In a few days, we'll hang the new 2010 calendar, and with the close of the decade, it's time to look back at the top wrestlers, events, teams and trends in the Mirror coverage area.
Story of the decade: This one has to be the rise, fall, rise and fall of Juniata Valley's Garrett Scott.
He lost two classic bouts to Forest Hills' Jake Strayer as a freshman in 2002-03 in the District 6 Class AA and Southwest Regional 119-pound finals and then won the first of his three state titles after Strayer was upset early in the PIAA Championships. Scott continued to dominate and won state titles as a sophomore and junior at 130 and 135, respectively.
But it started to unravel for Scott his senior year as a run-in with the law off the mat and a broken jaw on the mat gave fans and fellow wrestlers a chance to speculate what was going on. Scott came back from the broken jaw and won district and regional titles, but he was suspended by the Tuscarora Blended Learning Charter School in Orbisonia, not Juniata Valley, the day he was to leave for Hershey to begin his quest for a rare fourth gold medal for violating school internet policy.
While others like me were still arguing about the timing of the suspension, he wrestled in the Dapper Dan Wrestling Classic and was named the Outstanding Wrestler for Pennsylvania. The Penn State recruit lost his scholarship as he attended the university on a part-time basis as a freshman.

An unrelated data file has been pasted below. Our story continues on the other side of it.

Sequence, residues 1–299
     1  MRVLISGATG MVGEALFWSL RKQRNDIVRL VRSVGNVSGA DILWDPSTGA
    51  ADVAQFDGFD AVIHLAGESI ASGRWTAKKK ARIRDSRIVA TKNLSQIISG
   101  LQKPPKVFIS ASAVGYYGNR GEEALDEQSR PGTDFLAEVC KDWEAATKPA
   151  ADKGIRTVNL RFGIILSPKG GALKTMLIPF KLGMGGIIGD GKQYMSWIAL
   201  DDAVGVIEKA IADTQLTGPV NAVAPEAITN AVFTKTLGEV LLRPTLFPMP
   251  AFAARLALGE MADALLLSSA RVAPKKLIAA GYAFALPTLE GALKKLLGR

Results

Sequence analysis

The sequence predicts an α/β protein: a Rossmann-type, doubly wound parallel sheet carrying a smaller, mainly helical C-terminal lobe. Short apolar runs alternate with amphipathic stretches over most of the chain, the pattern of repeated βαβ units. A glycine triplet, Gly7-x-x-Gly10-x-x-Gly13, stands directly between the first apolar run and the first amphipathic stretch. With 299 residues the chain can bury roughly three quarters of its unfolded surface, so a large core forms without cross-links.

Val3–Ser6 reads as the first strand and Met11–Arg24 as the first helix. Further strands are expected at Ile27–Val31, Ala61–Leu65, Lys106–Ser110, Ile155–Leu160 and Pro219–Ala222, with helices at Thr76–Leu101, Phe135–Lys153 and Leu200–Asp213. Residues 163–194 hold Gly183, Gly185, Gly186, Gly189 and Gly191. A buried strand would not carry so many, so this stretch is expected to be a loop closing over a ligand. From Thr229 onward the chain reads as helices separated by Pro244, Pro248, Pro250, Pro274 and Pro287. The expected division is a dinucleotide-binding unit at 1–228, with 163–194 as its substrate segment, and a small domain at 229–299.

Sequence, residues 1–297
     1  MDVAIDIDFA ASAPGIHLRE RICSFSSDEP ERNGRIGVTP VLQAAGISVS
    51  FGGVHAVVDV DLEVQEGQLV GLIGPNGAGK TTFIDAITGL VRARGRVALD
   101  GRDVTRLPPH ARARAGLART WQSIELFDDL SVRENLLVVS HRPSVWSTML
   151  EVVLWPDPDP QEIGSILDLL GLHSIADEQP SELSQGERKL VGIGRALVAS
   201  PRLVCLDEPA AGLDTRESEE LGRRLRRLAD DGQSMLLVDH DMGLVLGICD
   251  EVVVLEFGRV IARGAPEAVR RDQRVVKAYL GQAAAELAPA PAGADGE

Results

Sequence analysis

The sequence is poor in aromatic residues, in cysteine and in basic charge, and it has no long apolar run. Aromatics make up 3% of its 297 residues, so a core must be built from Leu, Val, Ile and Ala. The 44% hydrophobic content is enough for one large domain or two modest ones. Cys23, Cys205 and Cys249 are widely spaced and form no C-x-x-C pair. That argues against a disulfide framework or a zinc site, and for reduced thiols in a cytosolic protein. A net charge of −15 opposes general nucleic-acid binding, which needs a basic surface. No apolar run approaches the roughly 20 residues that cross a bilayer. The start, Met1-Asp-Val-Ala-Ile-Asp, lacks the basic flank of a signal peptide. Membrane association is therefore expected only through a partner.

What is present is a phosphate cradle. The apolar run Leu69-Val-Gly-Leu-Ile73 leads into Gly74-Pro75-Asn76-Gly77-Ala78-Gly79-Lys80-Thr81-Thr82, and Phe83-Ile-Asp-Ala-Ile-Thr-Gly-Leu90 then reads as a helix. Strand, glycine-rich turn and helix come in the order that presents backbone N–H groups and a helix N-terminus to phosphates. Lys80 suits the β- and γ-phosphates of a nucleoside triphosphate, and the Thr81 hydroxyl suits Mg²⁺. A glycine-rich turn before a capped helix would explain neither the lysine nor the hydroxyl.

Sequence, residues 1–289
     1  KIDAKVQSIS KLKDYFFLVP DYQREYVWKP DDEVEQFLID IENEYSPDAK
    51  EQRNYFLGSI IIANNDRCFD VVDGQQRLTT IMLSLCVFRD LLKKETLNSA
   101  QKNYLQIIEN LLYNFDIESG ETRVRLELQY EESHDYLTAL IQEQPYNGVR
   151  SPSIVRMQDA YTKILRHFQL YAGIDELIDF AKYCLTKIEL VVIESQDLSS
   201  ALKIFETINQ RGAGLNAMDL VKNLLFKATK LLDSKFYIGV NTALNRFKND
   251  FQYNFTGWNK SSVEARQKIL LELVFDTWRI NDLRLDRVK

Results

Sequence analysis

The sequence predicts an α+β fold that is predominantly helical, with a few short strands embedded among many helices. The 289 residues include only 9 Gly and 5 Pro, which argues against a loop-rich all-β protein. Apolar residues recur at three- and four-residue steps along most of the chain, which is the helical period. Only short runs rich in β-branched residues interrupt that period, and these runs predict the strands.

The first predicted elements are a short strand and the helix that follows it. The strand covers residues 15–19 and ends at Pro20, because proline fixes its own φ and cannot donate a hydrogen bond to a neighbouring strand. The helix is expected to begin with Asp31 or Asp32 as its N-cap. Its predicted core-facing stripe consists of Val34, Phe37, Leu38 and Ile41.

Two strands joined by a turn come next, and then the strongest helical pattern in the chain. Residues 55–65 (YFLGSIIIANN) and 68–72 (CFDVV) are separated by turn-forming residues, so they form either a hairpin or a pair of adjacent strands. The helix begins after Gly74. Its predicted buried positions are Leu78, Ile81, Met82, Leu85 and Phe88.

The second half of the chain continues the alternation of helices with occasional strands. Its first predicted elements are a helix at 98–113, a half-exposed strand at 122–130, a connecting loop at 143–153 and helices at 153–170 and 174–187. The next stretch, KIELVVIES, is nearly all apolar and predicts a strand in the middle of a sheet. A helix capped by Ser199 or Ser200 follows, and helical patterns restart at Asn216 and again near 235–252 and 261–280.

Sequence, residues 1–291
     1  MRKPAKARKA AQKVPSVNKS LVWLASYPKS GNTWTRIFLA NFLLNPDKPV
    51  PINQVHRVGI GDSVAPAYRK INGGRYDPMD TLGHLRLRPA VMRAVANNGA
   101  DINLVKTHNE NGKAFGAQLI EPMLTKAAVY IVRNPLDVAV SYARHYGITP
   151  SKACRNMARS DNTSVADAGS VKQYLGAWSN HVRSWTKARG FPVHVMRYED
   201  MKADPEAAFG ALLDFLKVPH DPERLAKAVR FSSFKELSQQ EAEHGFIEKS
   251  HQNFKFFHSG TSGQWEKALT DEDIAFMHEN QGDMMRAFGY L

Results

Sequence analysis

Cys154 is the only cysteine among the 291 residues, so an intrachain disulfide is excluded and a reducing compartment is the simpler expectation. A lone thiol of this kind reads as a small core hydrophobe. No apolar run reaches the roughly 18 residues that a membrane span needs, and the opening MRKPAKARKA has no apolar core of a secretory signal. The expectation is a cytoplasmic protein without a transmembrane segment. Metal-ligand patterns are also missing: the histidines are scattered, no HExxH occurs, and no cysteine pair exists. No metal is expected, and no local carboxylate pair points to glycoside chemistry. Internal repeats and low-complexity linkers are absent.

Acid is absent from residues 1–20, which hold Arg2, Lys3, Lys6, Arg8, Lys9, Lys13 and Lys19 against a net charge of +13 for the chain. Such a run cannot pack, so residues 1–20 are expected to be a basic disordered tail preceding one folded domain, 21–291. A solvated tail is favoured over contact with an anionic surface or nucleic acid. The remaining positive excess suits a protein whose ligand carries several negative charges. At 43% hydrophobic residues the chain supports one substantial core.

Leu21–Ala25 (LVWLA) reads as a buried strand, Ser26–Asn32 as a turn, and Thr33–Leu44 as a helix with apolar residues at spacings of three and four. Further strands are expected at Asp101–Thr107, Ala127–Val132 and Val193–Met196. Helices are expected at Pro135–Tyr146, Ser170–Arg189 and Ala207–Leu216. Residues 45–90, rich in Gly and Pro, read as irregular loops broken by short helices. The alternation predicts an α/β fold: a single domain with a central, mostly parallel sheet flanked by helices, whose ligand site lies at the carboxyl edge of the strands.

The next year, he was on the PSU roster and in trouble again. Former coach Troy Sunderland suspended him before the 2007-2008 season after an arrest for underage drinking. Scott was allowed to return, and he won the Penn State Open by beating Strayer.
Troy Sunderland couldn't decide on how to solve having Scott and Strayer at the same weight. When he was in the lineup, Scott went 21-7 and became the starter for the postseason. He placed seventh in the Big Ten Championships to qualify for the NCAAs.
Shortly after that, Sunderland kicked Scott off the team for good. Scott landed at Edinboro University, where he redshirted last season. Scott, however, left the university this year.
Team of the decade: This one has to be Bedford. The Bisons are on a roll no other team in this area has been in quite some time. The Bisons, led by three-time Mirror Coach of the Year Brian Creps, have won 39 regular-season matches in a row since losing to Central Cambria, 35-28, on Dec. 19, 2006, breaking the school record of 37 set by the 1997-98 Bisons.
Bedford finished fourth in last season's PIAA Team Championships, becoming the first school in the area to earn a medal in the event. Claysburg-Kimmel reached the semifinals in 1999, but there were no consolation rounds then.
Biggest addition: The biggest would be the addition of the 215-pound weight class in 2002-03. Until that season, if a wrestler weighed more than 200 pounds, they either had to wrestle with the big boys at 275- and later 285 - or make the cut to 189.
Continuing trend: It's disturbing and it's different in different areas of the state, but District 6 teams, especially smaller ones, continue to battle lack of numbers and giving up forfeits. Coaches have been forced to either go out and recruit within the school or deal with it and give up forfeits.
Todd Irwin can be reached at 946-7464 or at firstname.lastname@example.org.